In one embodiment, each antenna 8 nominally receives the same amount of RF power from RF reader 20, but, as will be described in more detail below, is driven ninety degrees out of phase with its neighboring antennas. The phase shift, by creating a rotating field between antennas, enhances the ability of the system to detect tags regardless of the orientation of the tag. In this manner, the exit control system 5 transmits and receives from one RF reader transmitter/receiver port 21 to multiple antennas 8 via a splitter/combiner 42. Antennas 8 receive nominally the same amount of power from the RF reader, but are driven 90° out of phase with each other.

In one embodiment in which a response is received for a checked-in tag, the RF reader 20 communicates with the controller 14, which may enable alarms 12. In FIG. 2, alarms 12 include visual alarms 12A and 12C and audible alarm 12B, although any combination of visual, audible, or other method of communicating checked-in RF tag presence may be used.

FIG. 3 is a graph that shows the resulting phase shift of the RF drive signals 43A-C for each antenna 8A-8C (FIG. 2), respectively. As shown in FIG. 3, the RF drive signal 43B for antenna 8B is 90° out of phase with the RF drive signal 43A for antenna 8A; the RF drive signal 43C for antenna 8C is 180° out of phase with antenna 8A, etc.

The phase shift allows the system to detect RF tags in all orientations by creating a rotating field between the antennas. Thus, regardless of the orientation of the RF tag as it travels through the interrogation corridor, the likelihood of detection is increased.

Various methods can be used to achieve the 90° phase shift between neighboring antennas. In one embodiment, the antennas are connected using transmission lines that differ by ¼ wavelength between neighboring antennas to achieve the desired 90° phase shift. For example, referring again to FIG. 2, lines 32A, 32B and 32C which connect the antennas 8A, 8B and 8C to splitter/combiner 42 could be implemented by coupling lengths of ¼ wave transmission lines as appropriate to drive each successive antenna 90° out of phase as shown in FIG. 3.

In another embodiment, compensation circuitry could be provided at each antenna 8A-C to adjust the phase shift induced by transmission lines 32A-C such that the resulting phase shifts are 90° out of phase as shown in FIG. 3.

The exit control system 5 thus provides several advantages. One RF reader with only one transmit/receive port can be used to simultaneously utilize multiple antennas. By providing RF power to each antenna at a controlled amplitude and phase, magnetic coupling is not relied upon to deliver power to the antennas and to control the relative phase of each antenna. Also, because the interrogating fields are driven to produce a rotating interrogation field, coverage is increased in the interrogation corridor. In addition, the system is scalable—namely, the number of interrogating antennas to be utilized in any particular system can be accommodated by changing only the RF splitter. Weak signals from multiple antennas are combined to form an adequate signal, thus also increasing the likelihood of detecting signals. Moreover, EM emissions are reduced by driving the antennas at a 90° phase shift, as the far fields for any antennas driven 180° apart will cancel.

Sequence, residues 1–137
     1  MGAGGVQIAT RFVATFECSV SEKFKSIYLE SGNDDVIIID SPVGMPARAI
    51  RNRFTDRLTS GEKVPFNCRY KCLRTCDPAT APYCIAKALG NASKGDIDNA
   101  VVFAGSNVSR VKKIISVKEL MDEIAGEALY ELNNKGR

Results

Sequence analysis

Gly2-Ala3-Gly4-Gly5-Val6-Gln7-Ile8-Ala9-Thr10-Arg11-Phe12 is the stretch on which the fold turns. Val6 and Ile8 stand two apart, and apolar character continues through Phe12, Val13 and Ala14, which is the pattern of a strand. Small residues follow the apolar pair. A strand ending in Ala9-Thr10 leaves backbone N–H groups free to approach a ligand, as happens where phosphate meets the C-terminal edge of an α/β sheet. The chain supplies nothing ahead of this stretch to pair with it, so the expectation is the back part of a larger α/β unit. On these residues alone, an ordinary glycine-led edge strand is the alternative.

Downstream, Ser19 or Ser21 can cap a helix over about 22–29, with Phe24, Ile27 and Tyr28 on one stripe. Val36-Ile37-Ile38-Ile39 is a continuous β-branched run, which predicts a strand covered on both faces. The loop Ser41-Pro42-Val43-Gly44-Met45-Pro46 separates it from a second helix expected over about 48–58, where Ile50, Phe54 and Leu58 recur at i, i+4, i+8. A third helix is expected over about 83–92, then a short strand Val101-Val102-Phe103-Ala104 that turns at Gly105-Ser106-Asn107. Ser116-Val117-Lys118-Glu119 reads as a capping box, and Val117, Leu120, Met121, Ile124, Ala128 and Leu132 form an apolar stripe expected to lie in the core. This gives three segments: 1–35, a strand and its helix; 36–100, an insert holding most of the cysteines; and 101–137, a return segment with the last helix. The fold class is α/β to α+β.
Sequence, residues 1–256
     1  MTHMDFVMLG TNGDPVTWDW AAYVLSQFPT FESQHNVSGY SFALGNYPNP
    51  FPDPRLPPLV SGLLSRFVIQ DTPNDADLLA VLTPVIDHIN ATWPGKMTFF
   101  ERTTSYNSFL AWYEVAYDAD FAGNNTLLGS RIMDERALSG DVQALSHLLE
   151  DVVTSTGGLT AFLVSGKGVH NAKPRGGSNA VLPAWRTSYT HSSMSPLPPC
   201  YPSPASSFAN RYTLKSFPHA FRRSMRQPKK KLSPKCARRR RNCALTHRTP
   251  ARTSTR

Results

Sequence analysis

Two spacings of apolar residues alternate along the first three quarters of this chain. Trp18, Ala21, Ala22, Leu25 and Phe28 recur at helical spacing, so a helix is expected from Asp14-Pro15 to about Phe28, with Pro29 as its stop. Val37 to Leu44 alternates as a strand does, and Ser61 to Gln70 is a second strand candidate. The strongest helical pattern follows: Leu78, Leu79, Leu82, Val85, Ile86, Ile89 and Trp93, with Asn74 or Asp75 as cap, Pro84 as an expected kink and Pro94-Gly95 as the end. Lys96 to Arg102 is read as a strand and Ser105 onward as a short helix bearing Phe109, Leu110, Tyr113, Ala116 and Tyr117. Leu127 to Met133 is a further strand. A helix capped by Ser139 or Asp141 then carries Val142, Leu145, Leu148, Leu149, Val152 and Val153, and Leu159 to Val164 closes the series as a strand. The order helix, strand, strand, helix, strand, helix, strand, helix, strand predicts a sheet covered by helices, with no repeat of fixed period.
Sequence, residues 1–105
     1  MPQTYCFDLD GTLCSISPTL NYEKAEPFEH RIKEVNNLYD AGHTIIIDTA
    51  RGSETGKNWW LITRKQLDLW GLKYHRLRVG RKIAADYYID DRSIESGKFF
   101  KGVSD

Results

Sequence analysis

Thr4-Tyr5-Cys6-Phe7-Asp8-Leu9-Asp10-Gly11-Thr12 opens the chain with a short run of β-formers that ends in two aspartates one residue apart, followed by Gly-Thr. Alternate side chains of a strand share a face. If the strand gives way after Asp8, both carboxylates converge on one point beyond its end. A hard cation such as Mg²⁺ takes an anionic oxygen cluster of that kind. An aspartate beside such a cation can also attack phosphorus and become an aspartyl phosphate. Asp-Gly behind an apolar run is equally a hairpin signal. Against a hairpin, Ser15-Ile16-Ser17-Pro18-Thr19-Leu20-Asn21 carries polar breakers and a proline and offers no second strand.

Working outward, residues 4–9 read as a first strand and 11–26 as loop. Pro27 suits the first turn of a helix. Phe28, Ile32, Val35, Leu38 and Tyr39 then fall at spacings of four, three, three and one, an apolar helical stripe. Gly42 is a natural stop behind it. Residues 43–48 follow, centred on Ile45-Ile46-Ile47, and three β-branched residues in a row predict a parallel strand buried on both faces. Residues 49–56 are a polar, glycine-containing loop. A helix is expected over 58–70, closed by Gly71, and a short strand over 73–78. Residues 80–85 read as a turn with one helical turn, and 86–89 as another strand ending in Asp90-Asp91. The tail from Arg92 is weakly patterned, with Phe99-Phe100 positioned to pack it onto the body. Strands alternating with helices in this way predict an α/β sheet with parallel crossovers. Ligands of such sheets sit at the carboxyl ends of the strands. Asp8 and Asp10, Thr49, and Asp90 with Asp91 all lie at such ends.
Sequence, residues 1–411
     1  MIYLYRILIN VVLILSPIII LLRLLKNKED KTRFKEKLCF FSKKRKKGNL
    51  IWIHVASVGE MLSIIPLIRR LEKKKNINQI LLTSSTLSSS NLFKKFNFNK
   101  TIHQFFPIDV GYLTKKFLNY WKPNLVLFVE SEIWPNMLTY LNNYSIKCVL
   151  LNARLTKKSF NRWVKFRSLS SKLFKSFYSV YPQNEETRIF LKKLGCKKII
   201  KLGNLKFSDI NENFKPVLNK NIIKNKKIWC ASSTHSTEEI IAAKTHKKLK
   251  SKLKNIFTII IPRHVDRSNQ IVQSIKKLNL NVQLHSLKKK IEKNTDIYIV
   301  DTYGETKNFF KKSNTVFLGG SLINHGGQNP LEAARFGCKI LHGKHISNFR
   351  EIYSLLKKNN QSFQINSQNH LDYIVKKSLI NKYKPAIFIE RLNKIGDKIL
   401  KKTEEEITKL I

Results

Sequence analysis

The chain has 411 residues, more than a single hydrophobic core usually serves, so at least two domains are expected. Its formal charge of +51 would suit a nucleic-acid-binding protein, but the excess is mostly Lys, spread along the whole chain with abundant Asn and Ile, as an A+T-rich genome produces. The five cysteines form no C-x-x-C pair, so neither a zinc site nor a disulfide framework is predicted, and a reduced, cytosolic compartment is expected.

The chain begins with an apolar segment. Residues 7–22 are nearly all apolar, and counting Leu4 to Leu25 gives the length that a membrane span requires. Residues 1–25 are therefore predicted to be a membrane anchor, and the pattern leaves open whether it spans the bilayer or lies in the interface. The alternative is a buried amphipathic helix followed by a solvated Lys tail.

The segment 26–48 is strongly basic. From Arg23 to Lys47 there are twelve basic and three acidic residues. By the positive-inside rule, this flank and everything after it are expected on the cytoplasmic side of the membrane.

FIG. 4 is a block diagram that illustrates controller 14 in further detail. As illustrated, in the embodiment depicted in FIG. 2, controller 14 receives an input signal 45 from interconnect 16A that indicates a patron has been detected in corridors 40. In addition, controller 14 receives an input signal 47 from RF reader 20 that indicates that the RF reader has detected at least one signal within corridors 40In an embodiment, as described in further detail below, controller 14 continually monitors input signals 45 and 47. When input signals 45 and 47 indicate that both a patron and a checked-in tag have been detected, controller 14 initiates an alarm.

FIG. 5 is a flowchart 50 further illustrating exemplary operation of controller 14. As illustrated, controller 14 performs a continuous loop monitoring that looks for a checked-in tag in the corridor, or for a patron to enter the corridor, and initiates an alarm only when both a patron and a checked-in RF tag are detected in an interrogation corridor. Thus, controller 14 continually monitors input signals 45 and 47 to determine whether a checked-in RF tag (52) or a patron (54) is present in any of corridors 40A or 40B. If either one of these conditions is met, controller 14 starts a timer (56 or 58, respectively). The purpose of the timer is to ensure presence of both a patron and a checked-in RF tag in the corridor at essentially the same time, for example, within 0.5 seconds, or some other time as may be appropriate.